STATISTICAL ANALYSIS | If you thought the Washington Capitals were favorites to win the Eastern Conference this year, you had to put a lot of faith in their defense. Contrary to their “run and gun” offense reputation, the 2010-11 Capitals depended mostly on their well-above-average defense. And if you put a lot of faith in the defense, you had to be banking on contributions from Roman Hamrlik and Dennis Wideman.
Instead, in the first 22 games of the season, Hamrlik and Wideman have been on the ice for 31 and 28 goals against respectively. And the Capitals – not entirely coincidentally – have gone 12-9-1 and sit in eighth place in the Eastern Conference.
With Hamrlik, the biggest problem has been the goaltending behind him. Washington sees more scoring chances in its favor with Hamrlik on the ice (53.7 percent) than without him (47.2 percent) during even-strength with the score tied. That means that when you take away the effects of playing with or without a lead, he drives play. Tomas Vokoun and Michal Neuvirth have let him down, posting a scoring chance save percentage of just .763 with him on the ice and .833 without. Because the quality of scoring chances are relatively equal, you can’t say Hamrlik is making it more difficult on the netminders. They are simply not getting the job done.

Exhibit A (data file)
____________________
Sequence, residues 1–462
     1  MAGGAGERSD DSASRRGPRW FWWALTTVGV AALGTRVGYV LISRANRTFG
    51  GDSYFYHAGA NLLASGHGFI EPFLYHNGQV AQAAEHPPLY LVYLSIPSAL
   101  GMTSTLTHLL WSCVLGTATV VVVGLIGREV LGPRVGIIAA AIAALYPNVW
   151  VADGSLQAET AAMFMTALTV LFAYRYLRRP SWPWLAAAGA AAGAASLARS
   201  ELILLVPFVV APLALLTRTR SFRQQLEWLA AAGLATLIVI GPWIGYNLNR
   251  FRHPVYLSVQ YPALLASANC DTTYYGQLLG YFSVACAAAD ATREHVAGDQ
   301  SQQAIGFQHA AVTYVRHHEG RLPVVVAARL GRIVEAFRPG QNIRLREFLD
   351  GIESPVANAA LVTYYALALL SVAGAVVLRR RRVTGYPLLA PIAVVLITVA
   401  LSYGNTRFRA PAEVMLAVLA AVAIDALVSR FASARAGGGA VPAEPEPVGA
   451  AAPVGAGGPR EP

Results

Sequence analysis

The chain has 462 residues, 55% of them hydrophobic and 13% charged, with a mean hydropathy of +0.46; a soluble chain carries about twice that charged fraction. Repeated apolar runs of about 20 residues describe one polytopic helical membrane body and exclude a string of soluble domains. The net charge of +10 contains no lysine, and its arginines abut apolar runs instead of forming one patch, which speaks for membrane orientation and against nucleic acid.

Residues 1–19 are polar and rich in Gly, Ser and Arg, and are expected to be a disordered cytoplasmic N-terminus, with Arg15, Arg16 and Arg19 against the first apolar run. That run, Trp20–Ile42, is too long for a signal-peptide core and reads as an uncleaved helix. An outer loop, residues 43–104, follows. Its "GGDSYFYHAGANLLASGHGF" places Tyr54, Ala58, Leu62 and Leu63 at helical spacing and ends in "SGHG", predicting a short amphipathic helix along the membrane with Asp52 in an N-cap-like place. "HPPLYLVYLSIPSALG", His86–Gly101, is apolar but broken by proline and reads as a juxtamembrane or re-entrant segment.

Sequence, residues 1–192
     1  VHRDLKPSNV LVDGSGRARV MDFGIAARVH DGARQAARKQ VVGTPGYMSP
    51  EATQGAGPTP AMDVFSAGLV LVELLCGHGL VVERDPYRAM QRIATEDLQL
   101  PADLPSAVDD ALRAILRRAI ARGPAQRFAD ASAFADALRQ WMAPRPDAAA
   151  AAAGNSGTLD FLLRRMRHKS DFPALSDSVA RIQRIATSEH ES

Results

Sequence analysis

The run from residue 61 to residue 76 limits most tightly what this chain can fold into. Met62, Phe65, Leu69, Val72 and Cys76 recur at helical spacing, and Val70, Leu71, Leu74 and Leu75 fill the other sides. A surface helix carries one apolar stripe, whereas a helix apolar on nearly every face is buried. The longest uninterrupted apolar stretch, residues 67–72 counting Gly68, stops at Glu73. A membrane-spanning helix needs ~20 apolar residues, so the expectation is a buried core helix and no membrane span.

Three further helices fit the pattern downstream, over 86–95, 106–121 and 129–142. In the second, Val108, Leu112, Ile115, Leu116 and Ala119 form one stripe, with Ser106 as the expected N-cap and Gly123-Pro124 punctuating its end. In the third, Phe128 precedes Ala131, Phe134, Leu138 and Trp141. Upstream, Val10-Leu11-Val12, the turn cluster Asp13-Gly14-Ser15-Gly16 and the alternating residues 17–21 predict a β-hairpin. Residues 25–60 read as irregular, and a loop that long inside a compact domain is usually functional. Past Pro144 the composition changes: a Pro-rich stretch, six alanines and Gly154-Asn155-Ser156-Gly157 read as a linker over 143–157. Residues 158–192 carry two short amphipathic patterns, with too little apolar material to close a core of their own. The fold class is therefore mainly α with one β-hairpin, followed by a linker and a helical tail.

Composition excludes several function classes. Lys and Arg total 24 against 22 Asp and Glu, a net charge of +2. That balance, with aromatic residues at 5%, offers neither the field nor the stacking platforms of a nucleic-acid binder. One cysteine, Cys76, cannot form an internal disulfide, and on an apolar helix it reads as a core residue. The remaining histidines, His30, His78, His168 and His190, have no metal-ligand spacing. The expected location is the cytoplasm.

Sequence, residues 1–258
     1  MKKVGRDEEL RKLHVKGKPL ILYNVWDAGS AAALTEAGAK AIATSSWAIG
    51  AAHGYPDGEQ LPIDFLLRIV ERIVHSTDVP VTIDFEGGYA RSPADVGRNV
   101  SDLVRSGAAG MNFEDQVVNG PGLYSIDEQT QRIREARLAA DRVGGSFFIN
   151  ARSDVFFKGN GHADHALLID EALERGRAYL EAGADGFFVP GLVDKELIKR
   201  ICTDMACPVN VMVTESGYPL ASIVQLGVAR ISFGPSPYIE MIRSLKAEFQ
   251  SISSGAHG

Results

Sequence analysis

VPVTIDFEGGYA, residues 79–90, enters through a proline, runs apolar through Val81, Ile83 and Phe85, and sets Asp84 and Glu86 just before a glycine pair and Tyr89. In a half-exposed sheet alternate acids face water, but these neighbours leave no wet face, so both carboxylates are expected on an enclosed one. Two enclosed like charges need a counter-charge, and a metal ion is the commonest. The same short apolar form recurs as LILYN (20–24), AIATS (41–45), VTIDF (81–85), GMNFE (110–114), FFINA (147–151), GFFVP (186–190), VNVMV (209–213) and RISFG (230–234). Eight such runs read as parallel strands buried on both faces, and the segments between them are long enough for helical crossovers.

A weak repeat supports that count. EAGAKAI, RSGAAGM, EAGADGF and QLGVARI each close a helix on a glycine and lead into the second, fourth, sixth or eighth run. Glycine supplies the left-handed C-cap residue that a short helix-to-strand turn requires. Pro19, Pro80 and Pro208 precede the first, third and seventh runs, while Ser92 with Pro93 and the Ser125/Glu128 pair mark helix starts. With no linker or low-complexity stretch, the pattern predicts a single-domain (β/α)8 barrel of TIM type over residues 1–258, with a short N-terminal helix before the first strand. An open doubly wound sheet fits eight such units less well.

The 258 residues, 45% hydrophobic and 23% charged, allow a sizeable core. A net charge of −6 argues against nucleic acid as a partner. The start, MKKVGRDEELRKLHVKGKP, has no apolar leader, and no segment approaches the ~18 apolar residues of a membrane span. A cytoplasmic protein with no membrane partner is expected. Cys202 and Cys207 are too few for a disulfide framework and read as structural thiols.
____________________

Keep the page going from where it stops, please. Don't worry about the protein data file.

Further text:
All the other underlying stats point to Hamrlik not being as bad as he has looked, and I agree that his play has looked extremely poor at times. For instance, his Corsi relative to the competition (a proxy for puck possession taking into account opponents faced) is the best among Washington blueliners playing more than 10 games, despite starting in the offensive zone the least (48.7 percent) amount of time.
Hamrlik’s on-ice results will improve, so have just a little more patience.
In Wideman’s case, however, there are some warning signs that something isn’t right. Since scoring a point in each of the first seven games of the season, Wideman has appeared broken, ultimately leading to his benching in the third period during the loss to Buffalo on Saturday night.
With Wideman, the biggest problem lies in the fact he simply has not driven play to any degree. Despite playing against the weakest competition the opposition has to offer and starting in the offensive zone a team-high 59.4 percent of the time, his Corsi relative to the competition is a minus-5.4. Plus, the team sees a great deal more of 5-on-5 scoring chances with the score tied in their favor with him on the bench (55.7 percent) than with him on the ice (37.3 percent).
And unlike with Hamrlik, you can’t blame Wideman’s goals-against woes on the netminders. The goaltending has been better at saving scoring chances with him on the ice (.833) than when he hasn’t been (.790).
Which isn’t at all to say that Wideman is doomed to struggle this season. Maybe he responds to the benching and gets better from here. Anyone can have a bad stretch of games, and having a bad first quarter isn’t really any worse than having them in the middle of the season. But things do need to turn around fast, because patience — among fans especially — is wearing thin.
Follow Neil on Twitter: @ngreenberg.